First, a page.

Country Code Top-Level Domains (ccTLDs) are internet domain name extensions that are designated for a country or sovereign state. Each is identified by two-letter codes such as .IT for Italy, .CA for Canada, and .IN for India. The primary purpose of a ccTLD is to show its association with a particular geographical locations.
In addition to its local usage, ccTLD domain names have long been used as .com alternatives or for domain name hacks. For instance, years ago, the .LY extension was popular because of services like Bitly. More recently .AI and .IO have become popular domain name extensions that are sought after by companies and domain investors alike from around the world.
While extensions like .AI and .IO are ccTLDs, some users may not even realize their designation as country codes. A registrant of a .AI domain name may only think about it in relation to Artificial Intelligence – AI – rather than its official designation as the country code for Anguilla. In fact, a registrant may register a .AI domain name at US-based domain registrar like Dynadot or GoDaddy, but the governance of .AI is under the jurisdiction of the government of Anguilla. This is evidenced by the Terms & Conditions page on the Whois.ai website: “The usage must not violate the laws of Anguilla.”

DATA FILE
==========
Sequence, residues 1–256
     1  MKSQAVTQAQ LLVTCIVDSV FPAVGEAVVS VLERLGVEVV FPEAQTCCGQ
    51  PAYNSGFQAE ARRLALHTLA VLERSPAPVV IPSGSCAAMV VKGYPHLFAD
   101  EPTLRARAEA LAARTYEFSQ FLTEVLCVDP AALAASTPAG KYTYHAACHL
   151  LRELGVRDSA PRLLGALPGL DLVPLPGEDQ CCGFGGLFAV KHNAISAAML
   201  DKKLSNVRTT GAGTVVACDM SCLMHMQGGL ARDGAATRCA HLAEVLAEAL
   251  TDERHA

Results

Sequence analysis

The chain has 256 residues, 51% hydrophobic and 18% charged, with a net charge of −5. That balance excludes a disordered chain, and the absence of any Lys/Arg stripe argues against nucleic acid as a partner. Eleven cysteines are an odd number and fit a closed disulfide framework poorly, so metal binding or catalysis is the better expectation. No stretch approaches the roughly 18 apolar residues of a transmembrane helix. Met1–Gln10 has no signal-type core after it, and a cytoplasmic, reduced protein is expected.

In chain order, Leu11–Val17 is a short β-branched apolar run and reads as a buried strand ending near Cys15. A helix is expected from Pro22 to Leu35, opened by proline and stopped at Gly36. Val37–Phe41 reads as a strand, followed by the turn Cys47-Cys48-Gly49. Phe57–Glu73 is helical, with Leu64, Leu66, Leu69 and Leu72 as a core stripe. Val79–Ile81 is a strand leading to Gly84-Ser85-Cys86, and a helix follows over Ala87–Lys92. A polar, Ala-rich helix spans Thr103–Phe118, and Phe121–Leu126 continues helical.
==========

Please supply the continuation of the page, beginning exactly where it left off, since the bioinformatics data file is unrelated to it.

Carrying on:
When domain registrants use ccTLD domain names, they should understand the domain names are subject to the home country’s governance.
Notably, an article in The Verge yesterday highlighted what happens when the website content on a ccTLD domain name runs afoul of local laws and regulations. The article was specifically about a .AF domain name (.AF is the ccTLD for Afghanistan):
New: the Taliban took control of the domain “https://t.co/LaL3WSEJex” (af being the TLD of Afghanistan). With the Taliban now controlling the country, it is taking back domains. This had the effect of killing the https://t.co/LaL3WSEJex Mastodon instance https://t.co/AScafokHtc pic.twitter.com/igzbydLeu8
— Joseph Cox (@josephfcox) February 12, 2024
Investors and users should be aware that they may register a ccTLD domain name at a domain registrar in their home country, but the usage of the domain name is governed by the country that